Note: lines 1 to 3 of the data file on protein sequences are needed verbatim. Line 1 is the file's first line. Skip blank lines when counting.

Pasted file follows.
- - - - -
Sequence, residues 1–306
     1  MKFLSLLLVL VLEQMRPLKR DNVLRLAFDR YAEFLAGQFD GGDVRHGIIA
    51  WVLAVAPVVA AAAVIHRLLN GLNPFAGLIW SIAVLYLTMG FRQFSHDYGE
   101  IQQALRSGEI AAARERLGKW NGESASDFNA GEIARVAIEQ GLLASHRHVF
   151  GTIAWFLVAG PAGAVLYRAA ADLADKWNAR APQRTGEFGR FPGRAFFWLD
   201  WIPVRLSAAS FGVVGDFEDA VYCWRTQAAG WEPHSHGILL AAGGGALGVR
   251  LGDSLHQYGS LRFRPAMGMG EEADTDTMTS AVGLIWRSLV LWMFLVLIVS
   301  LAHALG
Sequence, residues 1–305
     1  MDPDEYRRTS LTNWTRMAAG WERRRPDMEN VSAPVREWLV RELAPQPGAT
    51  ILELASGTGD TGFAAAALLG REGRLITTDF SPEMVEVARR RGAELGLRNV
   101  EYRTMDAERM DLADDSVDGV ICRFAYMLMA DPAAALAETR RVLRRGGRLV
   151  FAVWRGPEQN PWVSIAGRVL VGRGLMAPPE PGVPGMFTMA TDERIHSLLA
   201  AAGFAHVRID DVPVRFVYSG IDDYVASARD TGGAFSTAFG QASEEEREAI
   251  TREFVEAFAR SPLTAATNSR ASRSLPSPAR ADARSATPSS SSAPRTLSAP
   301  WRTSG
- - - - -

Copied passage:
Sequence, residues 1–306
     1  MKFLSLLLVL VLEQMRPLKR DNVLRLAFDR YAEFLAGQFD GGDVRHGIIA
    51  WVLAVAPVVA AAAVIHRLLN GLNPFAGLIW SIAVLYLTMG FRQFSHDYGE